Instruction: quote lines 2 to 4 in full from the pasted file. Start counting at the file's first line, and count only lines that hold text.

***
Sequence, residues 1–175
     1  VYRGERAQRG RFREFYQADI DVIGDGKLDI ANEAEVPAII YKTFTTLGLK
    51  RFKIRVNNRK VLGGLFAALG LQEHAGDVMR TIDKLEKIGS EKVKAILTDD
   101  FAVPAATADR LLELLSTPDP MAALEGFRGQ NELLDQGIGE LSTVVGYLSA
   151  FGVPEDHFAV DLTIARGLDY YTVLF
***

     1  VYRGERAQRG RFREFYQADI DVIGDGKLDI ANEAEVPAII YKTFTTLGLK
    51  RFKIRVNNRK VLGGLFAALG LQEHAGDVMR TIDKLEKIGS EKVKAILTDD
   101  FAVPAATADR LLELLSTPDP MAALEGFRGQ NELLDQGIGE LSTVVGYLSA